Holly Jean Buck addresses interesting notions like decolonizing the atmosphere. She is very critical of the romantic mode of thought that considers ecology without design. Design is considered as a colonial imperative, the very supposition that she’s trying to distance herself from. Her perspective is problematic, but it’s edifying to think with her. She is trying to think about ways we might reverse the industrial complex as we know it today to transition to a decolonized atmosphere. The carbon debt that we have with the planet is not a problem that can easily be solved through ceasing our use of fossil fuels. It’s not enough, as we will still need to remove the mess created by the industrially developed world. She tries to think of scenarios of infrastructure and politics to create an industry of carbon removal through a decolonial frame. It’s a challenging landscape.
“If the climate was a bank we would have already saved it”
My initial response comes from a conversation with a friend in Colombia, Edward Gil Jimenez, a traditional doctor of the Yanakuna community. Something really challenging happened when he came to visit us in our apartment in Popayán, Colombia. When he arrived he said, You are living in a part of the city in which the houses are dead. They’re cold houses. The cold house is a house that is not alive.
He said, the houses are dead? That they are cold houses?
He said that the houses were not alive. He explained that he teaches methods of constructing houses for the Yanakuna communities at the Indigenous University. To build a house is to connect with a form of life through them. The house is a self for the Yanakuna’s and that comes from a relation with the minerals and the materials used on the house. Each person of the community makes their own house and the house is built with the collective help of the community. You dig a hole to process the mud and that contact with the materials is not made from the imperative of objectification, but built from the awareness of a living entity. Eduard described it as the Mother Earth extending filaments, extending relations to you, and you are building something in resonance to those patterns. The construction takes form by taking into consideration the astral landscape surrounding the area. It’s very important to have windows to let in the sun and the moonlight, like a calendar. A material construction that doesn’t have these relations requires harmonization to re-connect this matrix of relations. Bringing it back to geoengineering, the awareness and the articulation of the resolution of our relations could take us towards a cybernetic infrastructure that will encompass the relations extended from the planet we inhabit. Rather than the imperative of value extraction and colonial objectification, we could design an integral mode of geoengineering (although that word is already charged with a structural bias), a network of satellites as a relations of selves.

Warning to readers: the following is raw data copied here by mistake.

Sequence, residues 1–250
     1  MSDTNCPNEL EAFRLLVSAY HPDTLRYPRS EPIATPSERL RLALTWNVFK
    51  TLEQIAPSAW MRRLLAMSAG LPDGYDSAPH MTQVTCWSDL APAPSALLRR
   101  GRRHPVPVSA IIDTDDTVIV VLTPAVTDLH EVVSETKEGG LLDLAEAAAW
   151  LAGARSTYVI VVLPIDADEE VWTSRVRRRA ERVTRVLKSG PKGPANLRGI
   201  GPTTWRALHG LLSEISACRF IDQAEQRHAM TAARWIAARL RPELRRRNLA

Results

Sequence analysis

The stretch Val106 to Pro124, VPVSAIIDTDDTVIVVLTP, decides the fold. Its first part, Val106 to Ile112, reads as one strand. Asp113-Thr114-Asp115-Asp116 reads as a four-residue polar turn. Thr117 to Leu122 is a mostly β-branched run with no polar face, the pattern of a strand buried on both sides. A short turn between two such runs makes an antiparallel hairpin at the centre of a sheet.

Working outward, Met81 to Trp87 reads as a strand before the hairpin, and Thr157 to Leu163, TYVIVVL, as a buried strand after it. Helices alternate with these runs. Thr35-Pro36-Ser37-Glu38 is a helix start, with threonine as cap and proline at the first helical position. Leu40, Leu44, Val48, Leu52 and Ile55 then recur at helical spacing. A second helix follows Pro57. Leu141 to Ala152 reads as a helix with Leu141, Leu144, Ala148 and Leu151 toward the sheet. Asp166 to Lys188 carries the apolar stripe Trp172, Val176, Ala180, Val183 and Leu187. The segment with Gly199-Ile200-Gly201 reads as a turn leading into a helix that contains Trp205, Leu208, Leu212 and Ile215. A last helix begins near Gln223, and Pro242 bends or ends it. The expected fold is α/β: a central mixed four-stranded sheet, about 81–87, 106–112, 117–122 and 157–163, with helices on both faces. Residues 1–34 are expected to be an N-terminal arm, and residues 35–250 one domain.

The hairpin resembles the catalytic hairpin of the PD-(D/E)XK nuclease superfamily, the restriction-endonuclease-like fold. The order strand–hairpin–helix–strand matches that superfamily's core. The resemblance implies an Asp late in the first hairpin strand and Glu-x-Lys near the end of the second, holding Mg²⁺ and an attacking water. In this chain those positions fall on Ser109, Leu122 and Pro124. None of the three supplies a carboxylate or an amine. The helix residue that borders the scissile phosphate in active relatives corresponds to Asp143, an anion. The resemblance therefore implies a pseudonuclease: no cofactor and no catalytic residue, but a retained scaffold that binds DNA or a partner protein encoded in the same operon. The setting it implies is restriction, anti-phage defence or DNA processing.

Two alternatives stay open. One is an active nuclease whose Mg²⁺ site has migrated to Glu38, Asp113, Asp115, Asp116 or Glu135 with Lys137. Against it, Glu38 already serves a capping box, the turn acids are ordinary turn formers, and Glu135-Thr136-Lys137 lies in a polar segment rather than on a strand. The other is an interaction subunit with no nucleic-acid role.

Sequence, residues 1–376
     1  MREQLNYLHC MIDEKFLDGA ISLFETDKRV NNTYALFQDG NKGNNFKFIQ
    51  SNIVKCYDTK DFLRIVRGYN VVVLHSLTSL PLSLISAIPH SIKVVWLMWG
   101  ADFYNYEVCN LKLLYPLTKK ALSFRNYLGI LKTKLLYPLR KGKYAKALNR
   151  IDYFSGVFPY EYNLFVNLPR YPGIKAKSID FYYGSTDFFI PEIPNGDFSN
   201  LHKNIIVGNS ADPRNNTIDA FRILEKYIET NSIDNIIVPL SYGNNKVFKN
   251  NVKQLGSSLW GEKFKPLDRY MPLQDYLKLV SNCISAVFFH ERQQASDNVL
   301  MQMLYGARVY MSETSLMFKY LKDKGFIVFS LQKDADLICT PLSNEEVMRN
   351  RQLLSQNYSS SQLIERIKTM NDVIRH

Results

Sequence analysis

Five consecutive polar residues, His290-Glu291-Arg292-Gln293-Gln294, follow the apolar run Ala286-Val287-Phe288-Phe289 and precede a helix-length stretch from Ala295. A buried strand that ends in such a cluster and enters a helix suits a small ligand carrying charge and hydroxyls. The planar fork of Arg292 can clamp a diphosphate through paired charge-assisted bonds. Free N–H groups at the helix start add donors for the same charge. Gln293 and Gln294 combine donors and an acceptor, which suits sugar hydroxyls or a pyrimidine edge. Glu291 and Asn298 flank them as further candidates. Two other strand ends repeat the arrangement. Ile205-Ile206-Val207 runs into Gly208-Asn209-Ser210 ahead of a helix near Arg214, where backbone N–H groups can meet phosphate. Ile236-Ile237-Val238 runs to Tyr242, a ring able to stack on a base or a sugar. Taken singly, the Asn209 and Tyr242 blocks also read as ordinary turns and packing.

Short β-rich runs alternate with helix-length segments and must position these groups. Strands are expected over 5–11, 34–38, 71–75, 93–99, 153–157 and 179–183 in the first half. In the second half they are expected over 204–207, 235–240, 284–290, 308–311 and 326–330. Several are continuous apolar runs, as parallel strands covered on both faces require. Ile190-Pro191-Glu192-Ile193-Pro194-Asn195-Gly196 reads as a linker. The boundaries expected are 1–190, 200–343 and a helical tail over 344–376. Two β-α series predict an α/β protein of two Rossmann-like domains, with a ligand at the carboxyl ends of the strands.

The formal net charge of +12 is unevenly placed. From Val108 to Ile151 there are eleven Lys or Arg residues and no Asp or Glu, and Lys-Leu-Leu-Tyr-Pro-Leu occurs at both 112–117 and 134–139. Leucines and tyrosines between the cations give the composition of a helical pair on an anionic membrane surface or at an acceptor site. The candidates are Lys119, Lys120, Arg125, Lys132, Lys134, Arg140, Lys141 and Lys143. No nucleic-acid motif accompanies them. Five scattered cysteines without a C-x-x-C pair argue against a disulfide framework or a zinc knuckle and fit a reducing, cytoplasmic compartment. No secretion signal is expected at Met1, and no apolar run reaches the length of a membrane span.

I might need to think this through again, just to make sure I’m understanding it all. I’m left with a question about understanding the health and integrity of the community that we’re participating in, a desperate question of this moment that is relevant to everyone living everywhere. Our local conditions are being affected by global forces. This paradigm — this matrix of relations, as you say — is so large and so complex that we require satellites of (supposed) objectivity in order to glimpse our current state of affairs. How do we know that we are participating in our community in a way that serves our neighbors or that even serves ourselves?* *To the extent that we design ourselves first ontologically to become a positive force in our communal relations, this is a question of sustainability.
You have described an ecological framework of our cybernetic relations that amounts to a cerebral architecture that is collectively constructed. Resolution, as you have used it here, is perplexing to me. Is resolution used in the sense of relief, to feel better about the cerebral architecture that we are constructing, or is it resolution of a problem, relief resolved by providing pragmatic solutions, to focus on solving this problem so that we might move on to the next of an infinite procession of problems to be solved? This is an inheritance of the rational-industrial mind serving infinite technological novelty and planned obsolescence.
You mentioned Deleuze and I’m reminded of his essay, What Is a Dispositif? What is this entangled network of power relations operating at the infrastructural level? It exists at the soft infrastructure of human bureaucracies and governments and the physical geoengineered infrastructure, the stack of information as it is pulled from the ground and erected as a monument of human ingenuity, and this has always taken place as a top-down hierarchical imposition on the world. Perhaps my question here is: how do we begin to design our information differently, from the middle out? How might we design our human industries to actively distribute that power, rather than condensing and centralizing it?